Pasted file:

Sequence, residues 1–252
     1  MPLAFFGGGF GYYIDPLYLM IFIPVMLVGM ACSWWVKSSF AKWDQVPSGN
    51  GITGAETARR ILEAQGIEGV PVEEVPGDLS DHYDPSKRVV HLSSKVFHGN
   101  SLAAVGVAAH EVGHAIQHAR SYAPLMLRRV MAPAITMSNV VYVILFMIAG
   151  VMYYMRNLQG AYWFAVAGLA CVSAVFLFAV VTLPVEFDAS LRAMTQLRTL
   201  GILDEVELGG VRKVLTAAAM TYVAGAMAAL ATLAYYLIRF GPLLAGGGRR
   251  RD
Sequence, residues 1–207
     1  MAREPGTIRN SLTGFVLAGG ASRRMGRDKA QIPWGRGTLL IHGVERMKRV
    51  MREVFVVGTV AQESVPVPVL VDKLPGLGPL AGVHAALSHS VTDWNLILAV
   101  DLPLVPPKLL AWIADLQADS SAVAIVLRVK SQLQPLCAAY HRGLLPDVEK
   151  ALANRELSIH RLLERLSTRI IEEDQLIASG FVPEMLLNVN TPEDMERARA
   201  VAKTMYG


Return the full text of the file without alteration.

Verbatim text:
Sequence, residues 1–252
     1  MPLAFFGGGF GYYIDPLYLM IFIPVMLVGM ACSWWVKSSF AKWDQVPSGN
    51  GITGAETARR ILEAQGIEGV PVEEVPGDLS DHYDPSKRVV HLSSKVFHGN
   101  SLAAVGVAAH EVGHAIQHAR SYAPLMLRRV MAPAITMSNV VYVILFMIAG
   151  VMYYMRNLQG AYWFAVAGLA CVSAVFLFAV VTLPVEFDAS LRAMTQLRTL
   201  GILDEVELGG VRKVLTAAAM TYVAGAMAAL ATLAYYLIRF GPLLAGGGRR
   251  RD
Sequence, residues 1–207
     1  MAREPGTIRN SLTGFVLAGG ASRRMGRDKA QIPWGRGTLL IHGVERMKRV
    51  MREVFVVGTV AQESVPVPVL VDKLPGLGPL AGVHAALSHS VTDWNLILAV
   101  DLPLVPPKLL AWIADLQADS SAVAIVLRVK SQLQPLCAAY HRGLLPDVEK
   151  ALANRELSIH RLLERLSTRI IEEDQLIASG FVPEMLLNVN TPEDMERARA
   201  VAKTMYG